Yet the presiding judge of the St. Louis County circuit court system – the official who oversees compliance in St. Louis County’s Municipal Court system ― recently took to two local newspapers to victoriously declare “long-overdue systemic reform of St. Louis County’s municipal court system is underway” as court reform is his “top priority.” He went on to disclaim that there was still room for improvement and the “shared goal of fair and impartial justice for everyone in our court system is a journey of 10,000 steps.” But overall, the rhetoric just does not line up with the reality for most poor and Black people who find themselves funneled through municipal courts today that still treat them with disdain, disregard, and insufficient concern for due process.
And, quite frankly, if 10,000 steps really remain, we ought to be running to the finish line after all these years of injustice ― not pausing to pat ourselves on the back about meager improvements that have been put in place.
The same lack of progress can be reported in our juvenile court system. Here, the Missouri Supreme Court has designated its Racial and Ethnic Fairness Commission ― comprised of 50 or so of the state’s supposed leading legal lights ― to investigate and report on any existing problems in the state’s juvenile courts. Quite shockingly, however, most of the individuals involved in the commission’s juvenile justice work not only have no juvenile court experience, but many have never even stepped foot inside of a Missouri juvenile court.
This was a fact I forced its members to admit at a public listening session a few weeks ago ― two years into the commission’s work.
So, while its members, too, are spending a lot of time traveling around the state declaring change is happening, I am here to say be careful about what you believe. Change is not happening in real and material ways. Children involved with the juvenile courts are still treated with indignity, kids of color remain overrepresented, and junk cases are still filed and pushed through the system without sufficient checks on probable cause. And this is so in St. Louis County despite an agreement with DOJ to undertake meaningful reform.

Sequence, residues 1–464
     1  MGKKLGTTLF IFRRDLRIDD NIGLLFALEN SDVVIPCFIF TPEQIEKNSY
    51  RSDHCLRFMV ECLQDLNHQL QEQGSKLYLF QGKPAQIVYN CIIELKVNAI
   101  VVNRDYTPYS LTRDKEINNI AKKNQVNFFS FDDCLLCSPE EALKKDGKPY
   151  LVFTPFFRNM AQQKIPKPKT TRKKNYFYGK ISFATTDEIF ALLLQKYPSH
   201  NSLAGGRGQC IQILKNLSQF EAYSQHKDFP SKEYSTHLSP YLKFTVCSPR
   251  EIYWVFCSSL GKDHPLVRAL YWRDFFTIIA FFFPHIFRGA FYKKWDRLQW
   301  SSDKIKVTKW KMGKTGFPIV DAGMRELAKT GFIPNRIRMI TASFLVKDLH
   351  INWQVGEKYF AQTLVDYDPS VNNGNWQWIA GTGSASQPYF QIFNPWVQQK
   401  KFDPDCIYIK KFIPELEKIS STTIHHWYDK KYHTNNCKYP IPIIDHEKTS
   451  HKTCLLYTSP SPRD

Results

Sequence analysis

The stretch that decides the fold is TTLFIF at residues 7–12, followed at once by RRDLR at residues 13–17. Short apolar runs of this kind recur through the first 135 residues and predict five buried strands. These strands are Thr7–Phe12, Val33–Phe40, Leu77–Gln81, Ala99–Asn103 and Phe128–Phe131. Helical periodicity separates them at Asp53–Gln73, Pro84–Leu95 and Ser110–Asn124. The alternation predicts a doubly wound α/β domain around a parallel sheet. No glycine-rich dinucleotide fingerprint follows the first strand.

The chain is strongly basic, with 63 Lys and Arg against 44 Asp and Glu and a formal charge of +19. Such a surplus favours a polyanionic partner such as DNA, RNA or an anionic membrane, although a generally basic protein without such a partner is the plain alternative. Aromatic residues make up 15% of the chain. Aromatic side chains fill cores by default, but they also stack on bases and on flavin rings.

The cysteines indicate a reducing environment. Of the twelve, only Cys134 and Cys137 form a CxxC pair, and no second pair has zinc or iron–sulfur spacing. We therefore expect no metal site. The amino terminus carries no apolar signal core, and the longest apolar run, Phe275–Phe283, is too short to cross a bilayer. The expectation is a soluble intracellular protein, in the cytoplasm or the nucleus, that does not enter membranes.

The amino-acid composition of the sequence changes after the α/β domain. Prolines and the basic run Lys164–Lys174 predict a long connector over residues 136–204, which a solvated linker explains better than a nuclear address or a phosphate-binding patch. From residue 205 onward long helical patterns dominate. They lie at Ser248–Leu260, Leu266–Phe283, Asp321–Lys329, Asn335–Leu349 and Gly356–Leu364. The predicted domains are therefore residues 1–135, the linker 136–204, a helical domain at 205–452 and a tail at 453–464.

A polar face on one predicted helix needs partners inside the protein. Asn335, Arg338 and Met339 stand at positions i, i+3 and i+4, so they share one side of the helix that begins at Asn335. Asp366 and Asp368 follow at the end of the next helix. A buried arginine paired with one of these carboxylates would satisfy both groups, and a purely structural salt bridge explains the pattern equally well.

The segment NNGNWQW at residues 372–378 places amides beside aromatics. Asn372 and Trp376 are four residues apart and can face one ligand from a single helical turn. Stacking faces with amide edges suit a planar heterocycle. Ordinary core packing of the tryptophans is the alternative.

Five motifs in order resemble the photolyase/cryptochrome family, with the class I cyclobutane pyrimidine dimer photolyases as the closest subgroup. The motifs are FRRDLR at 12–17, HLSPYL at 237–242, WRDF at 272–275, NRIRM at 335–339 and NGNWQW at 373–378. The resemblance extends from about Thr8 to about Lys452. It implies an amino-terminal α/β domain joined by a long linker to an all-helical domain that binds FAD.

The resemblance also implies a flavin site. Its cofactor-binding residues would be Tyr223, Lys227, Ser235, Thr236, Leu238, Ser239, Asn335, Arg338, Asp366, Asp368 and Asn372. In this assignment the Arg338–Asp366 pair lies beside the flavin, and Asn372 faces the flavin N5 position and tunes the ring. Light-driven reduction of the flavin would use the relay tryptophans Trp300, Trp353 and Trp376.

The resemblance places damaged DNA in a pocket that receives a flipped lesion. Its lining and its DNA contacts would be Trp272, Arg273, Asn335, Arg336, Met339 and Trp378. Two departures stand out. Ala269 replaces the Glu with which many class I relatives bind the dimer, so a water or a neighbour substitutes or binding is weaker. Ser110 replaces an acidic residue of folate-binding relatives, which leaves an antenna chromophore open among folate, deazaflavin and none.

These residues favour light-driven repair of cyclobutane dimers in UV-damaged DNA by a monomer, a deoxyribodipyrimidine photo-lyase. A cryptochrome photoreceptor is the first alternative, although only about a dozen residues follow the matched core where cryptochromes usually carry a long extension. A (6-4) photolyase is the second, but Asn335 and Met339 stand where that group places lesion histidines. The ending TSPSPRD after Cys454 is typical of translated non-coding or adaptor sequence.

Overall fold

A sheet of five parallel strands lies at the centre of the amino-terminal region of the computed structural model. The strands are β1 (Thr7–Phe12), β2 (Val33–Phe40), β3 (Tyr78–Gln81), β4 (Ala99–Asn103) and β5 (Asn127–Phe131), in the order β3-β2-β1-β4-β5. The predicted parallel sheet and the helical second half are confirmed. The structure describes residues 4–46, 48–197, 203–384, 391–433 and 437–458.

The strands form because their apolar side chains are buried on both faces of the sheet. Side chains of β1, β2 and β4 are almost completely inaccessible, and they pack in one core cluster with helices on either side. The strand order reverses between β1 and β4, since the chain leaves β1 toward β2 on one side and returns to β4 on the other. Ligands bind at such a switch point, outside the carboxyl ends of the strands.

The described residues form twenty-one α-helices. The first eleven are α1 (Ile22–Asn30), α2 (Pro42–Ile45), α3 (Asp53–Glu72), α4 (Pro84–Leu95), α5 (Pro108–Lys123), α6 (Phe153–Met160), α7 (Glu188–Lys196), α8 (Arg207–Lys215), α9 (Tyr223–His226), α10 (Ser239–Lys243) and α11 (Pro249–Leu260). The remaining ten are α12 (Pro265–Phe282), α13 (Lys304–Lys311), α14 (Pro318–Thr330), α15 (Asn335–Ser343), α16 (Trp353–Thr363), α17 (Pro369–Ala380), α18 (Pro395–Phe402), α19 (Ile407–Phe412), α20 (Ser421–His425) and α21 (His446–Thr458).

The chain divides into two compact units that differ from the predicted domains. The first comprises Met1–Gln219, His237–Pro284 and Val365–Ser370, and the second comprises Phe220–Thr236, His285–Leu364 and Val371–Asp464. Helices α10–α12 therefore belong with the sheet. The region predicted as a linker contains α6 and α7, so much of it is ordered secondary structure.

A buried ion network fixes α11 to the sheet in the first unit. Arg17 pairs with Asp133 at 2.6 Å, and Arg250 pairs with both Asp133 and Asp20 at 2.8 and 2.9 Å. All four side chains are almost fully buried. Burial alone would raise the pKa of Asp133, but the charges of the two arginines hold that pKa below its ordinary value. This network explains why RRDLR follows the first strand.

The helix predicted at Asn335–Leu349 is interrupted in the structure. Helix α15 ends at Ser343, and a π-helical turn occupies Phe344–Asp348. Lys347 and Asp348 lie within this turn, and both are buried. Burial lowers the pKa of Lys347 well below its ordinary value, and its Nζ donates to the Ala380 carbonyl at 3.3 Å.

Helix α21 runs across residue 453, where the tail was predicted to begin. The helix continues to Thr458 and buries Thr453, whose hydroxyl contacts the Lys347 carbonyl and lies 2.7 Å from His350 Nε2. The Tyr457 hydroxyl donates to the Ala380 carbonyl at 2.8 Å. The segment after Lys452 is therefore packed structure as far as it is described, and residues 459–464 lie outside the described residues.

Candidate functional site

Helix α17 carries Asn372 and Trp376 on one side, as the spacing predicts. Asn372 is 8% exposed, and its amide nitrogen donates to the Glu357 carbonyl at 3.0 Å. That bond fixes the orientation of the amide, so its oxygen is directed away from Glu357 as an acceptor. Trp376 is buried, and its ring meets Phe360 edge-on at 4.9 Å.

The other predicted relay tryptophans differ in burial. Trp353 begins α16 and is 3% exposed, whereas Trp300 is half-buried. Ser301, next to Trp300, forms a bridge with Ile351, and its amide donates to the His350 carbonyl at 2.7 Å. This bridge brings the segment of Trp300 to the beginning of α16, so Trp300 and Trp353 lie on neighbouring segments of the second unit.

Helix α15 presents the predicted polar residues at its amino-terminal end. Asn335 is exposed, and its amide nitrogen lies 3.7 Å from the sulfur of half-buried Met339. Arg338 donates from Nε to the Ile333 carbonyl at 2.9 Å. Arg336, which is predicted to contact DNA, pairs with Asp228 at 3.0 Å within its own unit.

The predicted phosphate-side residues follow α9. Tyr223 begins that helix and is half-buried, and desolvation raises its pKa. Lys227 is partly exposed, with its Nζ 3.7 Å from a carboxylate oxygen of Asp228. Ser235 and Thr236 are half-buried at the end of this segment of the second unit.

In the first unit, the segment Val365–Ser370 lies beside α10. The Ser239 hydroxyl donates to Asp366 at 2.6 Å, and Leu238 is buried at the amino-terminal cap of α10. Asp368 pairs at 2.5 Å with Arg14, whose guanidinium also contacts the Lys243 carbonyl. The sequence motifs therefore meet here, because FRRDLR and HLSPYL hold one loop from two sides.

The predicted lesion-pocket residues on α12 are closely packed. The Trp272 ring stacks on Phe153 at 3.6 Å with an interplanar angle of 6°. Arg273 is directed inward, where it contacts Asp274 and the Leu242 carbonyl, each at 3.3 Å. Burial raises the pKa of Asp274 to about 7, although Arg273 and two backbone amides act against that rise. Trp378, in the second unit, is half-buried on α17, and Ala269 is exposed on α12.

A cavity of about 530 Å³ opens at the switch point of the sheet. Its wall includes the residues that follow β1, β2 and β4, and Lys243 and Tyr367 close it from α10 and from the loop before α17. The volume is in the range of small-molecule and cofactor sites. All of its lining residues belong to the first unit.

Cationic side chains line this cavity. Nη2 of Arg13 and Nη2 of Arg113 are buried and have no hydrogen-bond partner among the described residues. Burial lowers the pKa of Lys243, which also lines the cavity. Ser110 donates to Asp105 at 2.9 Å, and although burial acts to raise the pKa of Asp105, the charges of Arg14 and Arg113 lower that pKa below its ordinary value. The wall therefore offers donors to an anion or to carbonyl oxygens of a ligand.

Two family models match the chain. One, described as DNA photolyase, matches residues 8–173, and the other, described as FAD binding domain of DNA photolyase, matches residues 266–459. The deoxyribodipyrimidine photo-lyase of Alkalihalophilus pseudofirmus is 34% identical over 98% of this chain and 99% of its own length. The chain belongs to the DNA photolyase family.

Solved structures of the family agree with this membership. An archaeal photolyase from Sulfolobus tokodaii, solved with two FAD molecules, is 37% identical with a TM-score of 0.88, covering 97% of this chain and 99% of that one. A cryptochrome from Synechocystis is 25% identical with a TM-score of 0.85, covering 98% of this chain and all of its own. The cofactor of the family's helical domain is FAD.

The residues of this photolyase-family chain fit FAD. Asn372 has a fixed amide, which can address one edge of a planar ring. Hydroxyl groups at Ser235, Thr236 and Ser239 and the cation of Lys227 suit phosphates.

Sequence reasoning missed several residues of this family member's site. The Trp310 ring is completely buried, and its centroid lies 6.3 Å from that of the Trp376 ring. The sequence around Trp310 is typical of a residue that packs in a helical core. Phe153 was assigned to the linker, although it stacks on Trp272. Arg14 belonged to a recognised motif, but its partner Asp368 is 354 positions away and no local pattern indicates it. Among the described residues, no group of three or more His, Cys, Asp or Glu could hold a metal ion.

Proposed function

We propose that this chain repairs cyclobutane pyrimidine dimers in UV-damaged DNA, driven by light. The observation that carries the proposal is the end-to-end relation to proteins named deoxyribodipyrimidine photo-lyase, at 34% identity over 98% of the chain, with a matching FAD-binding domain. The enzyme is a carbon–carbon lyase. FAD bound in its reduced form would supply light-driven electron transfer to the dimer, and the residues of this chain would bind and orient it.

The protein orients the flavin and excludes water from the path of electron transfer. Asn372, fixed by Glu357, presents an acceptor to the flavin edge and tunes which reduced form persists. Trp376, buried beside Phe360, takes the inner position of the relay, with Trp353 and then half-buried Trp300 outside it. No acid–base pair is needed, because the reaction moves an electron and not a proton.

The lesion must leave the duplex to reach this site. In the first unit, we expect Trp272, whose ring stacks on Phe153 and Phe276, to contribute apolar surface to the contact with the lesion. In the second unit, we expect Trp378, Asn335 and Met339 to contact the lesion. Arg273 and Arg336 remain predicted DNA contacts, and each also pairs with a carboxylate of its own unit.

The MacArthur Justice Center
I can report, however, on one thing that has definitely changed – and that is me and my role. I no longer teach at Washington University. I left that position to help launch a new office for the MacArthur Justice Center here in St. Louis, where our small staff focuses on indigent defense and civil rights litigation, where we try to use the courts to force accountability and reform, and where in just one year we have filed multiple high-impact class action and other lawsuits to challenge the status quo in Missouri ― and in St. Louis in particular.
Our work includes municipal court representation of protesters, frequently targeted by local police, who have been arrested for such things as daring to declare Black Lives Matter, marching on behalf of LGBTQIA rights, and laughing at Donald Trump. It involves a federal lawsuit to demand humane treatment for the incarcerated who need access to life-saving medications. It also includes demand for accountability when system actors abuse their authority, such as our recent work to a have a parole board member removed after surfacing his misdeeds during parole hearings.
And through this work we have come in contact with many caring people who really do want things to change, who are willing to roll up their sleeves, and who ― like me ― are new to the region, love this town, and want it to do and be better.
Do I believe that litigation is the perfect solution to all that ails us in Missouri and the St. Louis region? Absolutely not. But do I think system actors here will not change unless they know some refuse to back down, that we mean business, and that we will resist their efforts to allow us to remain stuck in our tracks. Yes, I do.
And about these developments ― the establishment of our new office, our efforts to work as a united front with allies and directed impacted persons, and the emergence of even more people committed to equal justice for all in Missouri ― I am hopeful.